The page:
Validating the Measurement of Real-World Functional Outcomes: Phase I Results of the VALERO Study
ABSTRACT Treatment of cognitive impairment has been proposed as an intervention to reduce disability in people with schizophrenia. The Validation of Everyday Real-World Outcomes (VALERO) study was conducted to evaluate functional rating scales and to identify the rating scale or scales most robustly related to performance-based measures of cognition and everyday living skills.
Adults with schizophrenia (N=198) were tested with the neurocognitive measures from the Measurement and Treatment Research to Improve Cognition in Schizophrenia (MATRICS) Consensus Cognitive Battery, the UCSD Performance-Based Skills Assessment-Brief Version, and the advanced finances subscale of the Everyday Functioning Battery. They and an informant (a friend, relative, clinician, or case manager) also reported their everyday functioning on six rating scales. Best judgment ratings were generated by an interviewer who administered the rating scales to patients and informants.
Statistical analyses developed an ability latent trait that reflected scores on the three performance-based (i.e., ability) measures, and canonical correlation analysis related interviewer ratings to the latent trait. The overall fit of the model with all six rating scales was good. Individual rating scales that did not improve the fit of the model were systematically deleted, and a final model with two rating scales was fitted to the data. A regression analysis found that the Specific Levels of Functioning Assessment was a superior predictor of the three performance-based ability measures.
Systematic assessments of real-world functioning were related to performance on neurocognitive and functional capacity measures. Of the six rating scales evaluated in this study, the Specific Levels of Functioning Assessment was the best. Use of a single rating scale provides an efficient assessment of real-world functioning that accounts for considerable variance in performance-based scores.
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ABSTRACT: a b s t r a c t Cognitive empathy impairments have been linked to poor social functioning in schizophrenia. However, prior studies primarily used self-reported empathy measures developed decades ago that are not well-aligned with contemporary models of empathy. We evaluated empathy and its relationship to social functioning in schizophrenia using the recently developed Questionnaire of Cognitive and Affective Empathy (QCAE). Schizophrenia (n ¼52) and healthy comparison (n ¼ 37) subjects completed the QCAE, Interpersonal Reactivity Index (IRI), and measures of neurocognition, symptoms, and social functioning. Between-group differences on the QCAE, and relationships between QCAE and IRI subscales, neurocog-nition, symptoms, and social functioning were examined. The schizophrenia group reported significantly lower cognitive empathy than comparison subjects, which was driven by low online simulation scores. Cognitive empathy explained significant variance in social functioning after accounting for neurocogni-tion and symptoms. Group differences for affective empathy were variable; the schizophrenia group reported similar proximal responsivity, but elevated emotion contagion relative to comparison subjects. These findings bolster support for the presence and functional significance of impaired cognitive empathy in schizophrenia using a contemporary measure of empathy. Emerging evidence that some aspects of affective empathy may be unimpaired or hyper-responsive in schizophrenia and implications for the assessment and treatment of empathy in schizophrenia are discussed.Psychiatry Research 10/2014; 220(3). DOI:10.1016/j.psychres.2014.08.054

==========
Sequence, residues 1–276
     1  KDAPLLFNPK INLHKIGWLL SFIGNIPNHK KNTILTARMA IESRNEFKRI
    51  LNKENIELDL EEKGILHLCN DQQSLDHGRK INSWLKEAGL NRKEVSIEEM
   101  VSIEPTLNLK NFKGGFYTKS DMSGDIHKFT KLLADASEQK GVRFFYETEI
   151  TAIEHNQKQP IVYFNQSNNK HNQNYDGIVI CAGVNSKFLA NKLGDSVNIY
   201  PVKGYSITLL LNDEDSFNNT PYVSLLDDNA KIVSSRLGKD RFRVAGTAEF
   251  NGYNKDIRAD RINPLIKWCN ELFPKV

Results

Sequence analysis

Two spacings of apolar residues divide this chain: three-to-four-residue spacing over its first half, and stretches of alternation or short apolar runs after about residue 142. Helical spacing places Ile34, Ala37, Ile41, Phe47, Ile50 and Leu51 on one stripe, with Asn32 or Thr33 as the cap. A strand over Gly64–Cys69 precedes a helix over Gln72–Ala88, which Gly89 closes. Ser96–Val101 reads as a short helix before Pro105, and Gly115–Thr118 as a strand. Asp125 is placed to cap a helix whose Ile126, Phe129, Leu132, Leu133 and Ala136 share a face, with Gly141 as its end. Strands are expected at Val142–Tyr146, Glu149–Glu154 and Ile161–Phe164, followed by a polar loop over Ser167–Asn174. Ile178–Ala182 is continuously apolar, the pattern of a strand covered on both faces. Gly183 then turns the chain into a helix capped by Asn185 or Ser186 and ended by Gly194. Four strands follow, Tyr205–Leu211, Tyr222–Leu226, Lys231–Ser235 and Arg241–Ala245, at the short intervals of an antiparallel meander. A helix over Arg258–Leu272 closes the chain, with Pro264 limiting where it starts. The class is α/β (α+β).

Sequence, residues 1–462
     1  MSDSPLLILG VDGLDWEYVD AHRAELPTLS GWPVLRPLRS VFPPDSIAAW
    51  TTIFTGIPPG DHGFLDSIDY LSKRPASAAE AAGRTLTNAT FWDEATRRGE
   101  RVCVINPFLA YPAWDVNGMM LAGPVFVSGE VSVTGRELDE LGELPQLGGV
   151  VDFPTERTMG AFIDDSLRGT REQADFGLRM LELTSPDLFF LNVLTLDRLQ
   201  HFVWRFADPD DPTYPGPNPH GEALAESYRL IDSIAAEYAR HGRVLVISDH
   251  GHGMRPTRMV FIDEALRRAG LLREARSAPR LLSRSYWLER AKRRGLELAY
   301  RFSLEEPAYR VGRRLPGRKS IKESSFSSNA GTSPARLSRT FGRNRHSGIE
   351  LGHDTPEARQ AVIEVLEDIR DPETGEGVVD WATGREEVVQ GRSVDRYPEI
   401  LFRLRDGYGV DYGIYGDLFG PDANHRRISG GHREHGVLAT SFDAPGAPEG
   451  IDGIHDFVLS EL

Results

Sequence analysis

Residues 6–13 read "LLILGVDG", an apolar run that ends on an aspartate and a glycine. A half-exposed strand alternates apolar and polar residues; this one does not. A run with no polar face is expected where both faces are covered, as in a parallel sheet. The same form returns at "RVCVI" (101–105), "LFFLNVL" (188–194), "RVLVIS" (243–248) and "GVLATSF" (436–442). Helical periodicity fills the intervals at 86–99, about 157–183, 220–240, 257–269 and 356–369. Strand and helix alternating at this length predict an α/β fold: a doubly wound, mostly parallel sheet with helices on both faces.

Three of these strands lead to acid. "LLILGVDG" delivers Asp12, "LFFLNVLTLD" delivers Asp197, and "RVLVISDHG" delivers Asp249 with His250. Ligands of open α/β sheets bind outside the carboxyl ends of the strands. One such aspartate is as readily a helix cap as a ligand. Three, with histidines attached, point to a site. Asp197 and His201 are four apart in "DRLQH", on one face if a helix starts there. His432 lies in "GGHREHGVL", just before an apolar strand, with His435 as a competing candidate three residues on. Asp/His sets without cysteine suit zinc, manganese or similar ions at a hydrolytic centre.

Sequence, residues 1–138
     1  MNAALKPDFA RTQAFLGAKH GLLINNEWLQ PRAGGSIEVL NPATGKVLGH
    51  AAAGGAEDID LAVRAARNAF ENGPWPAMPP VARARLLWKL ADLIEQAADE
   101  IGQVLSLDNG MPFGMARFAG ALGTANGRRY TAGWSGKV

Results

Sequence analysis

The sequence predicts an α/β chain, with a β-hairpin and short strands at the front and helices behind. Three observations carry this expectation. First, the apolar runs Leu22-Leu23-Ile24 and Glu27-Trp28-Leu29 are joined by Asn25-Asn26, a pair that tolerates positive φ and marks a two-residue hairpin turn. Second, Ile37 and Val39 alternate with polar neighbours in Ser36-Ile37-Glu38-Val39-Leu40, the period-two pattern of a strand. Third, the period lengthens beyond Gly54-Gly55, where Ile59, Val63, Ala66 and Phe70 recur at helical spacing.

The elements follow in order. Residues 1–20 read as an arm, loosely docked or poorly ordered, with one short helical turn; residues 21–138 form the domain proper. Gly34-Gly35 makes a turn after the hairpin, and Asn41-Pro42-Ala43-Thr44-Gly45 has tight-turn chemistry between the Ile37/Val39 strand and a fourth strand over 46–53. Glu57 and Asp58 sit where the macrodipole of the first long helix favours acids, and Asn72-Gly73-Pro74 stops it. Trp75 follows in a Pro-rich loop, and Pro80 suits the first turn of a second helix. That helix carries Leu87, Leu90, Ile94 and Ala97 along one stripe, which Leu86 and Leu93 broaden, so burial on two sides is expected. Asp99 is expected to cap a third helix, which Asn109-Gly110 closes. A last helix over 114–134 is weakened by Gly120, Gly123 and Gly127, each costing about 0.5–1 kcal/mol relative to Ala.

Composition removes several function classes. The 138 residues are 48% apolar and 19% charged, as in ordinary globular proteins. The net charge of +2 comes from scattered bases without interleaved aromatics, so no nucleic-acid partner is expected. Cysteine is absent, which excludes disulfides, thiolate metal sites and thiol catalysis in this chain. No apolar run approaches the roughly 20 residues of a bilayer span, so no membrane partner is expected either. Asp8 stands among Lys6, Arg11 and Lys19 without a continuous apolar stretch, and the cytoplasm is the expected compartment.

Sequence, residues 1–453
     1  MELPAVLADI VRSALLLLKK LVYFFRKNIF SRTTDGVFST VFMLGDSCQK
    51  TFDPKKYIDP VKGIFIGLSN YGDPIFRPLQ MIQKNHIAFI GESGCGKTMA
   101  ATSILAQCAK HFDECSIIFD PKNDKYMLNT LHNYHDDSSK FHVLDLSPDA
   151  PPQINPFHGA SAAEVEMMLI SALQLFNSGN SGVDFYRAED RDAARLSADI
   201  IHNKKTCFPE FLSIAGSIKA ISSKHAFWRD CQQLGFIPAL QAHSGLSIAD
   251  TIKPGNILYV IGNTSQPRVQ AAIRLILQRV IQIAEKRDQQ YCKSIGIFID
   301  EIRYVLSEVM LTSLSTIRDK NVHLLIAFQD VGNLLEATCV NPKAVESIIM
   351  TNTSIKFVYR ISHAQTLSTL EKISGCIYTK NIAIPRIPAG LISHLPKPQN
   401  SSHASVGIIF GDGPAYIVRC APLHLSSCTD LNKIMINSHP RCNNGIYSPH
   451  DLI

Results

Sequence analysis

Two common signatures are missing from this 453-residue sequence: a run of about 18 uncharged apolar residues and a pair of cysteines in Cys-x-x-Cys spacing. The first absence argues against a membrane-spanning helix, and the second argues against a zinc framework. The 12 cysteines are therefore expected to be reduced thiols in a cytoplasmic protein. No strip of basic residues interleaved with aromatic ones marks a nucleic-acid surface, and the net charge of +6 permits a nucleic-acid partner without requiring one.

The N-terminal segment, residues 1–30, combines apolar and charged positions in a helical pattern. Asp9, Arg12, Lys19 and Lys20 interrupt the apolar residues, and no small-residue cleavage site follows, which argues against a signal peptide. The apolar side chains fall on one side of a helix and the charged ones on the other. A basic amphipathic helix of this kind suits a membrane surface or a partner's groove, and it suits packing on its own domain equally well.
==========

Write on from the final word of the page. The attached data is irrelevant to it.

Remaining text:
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ABSTRACT: Neurocognitive impairment is a core feature in psychotic disorders and the MATRICS Consensus Cognitive Battery (MCCB) is now widely used to assess neurocognition in this group. The MATRICS has been translated into several languages, including Norwegian; although this version has yet to be investigated in an adult clinical population. Further, the relationship between the MATRICS and different measures of functioning needs examination. The purpose of this study was to describe neurocognition assessed with the Norwegian version of the MATRICS battery in a sample of patients with psychotic disorders compared to age and gender matched healthy controls and to examine the association with educational-, occupational- and social-functioning in the patient group. One hundred and thirty one patients and 137 healthy controls completed the battery. The Norwegian version of the MATRICS was sensitive to the magnitude of neurocognitive impairments in patients with psychotic disorders, with patients displaying significant impairments on all domains relative to healthy controls. Neurocognition was also related to both self-rated and objective functional measures such as social functioning, educational- and employment-history.Psychiatry Research 09/2014; 220(3). DOI:10.1016/j.psychres.2014.08.060
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ABSTRACT: The study aimed to assess the construct validity, internal consistency and factor structure of the Specific Levels of Functioning Scale (SLOF), a multidimensional instrument assessing real life functioning.Schizophrenia Research 08/2014; DOI:10.1016/j.schres.2014.07.044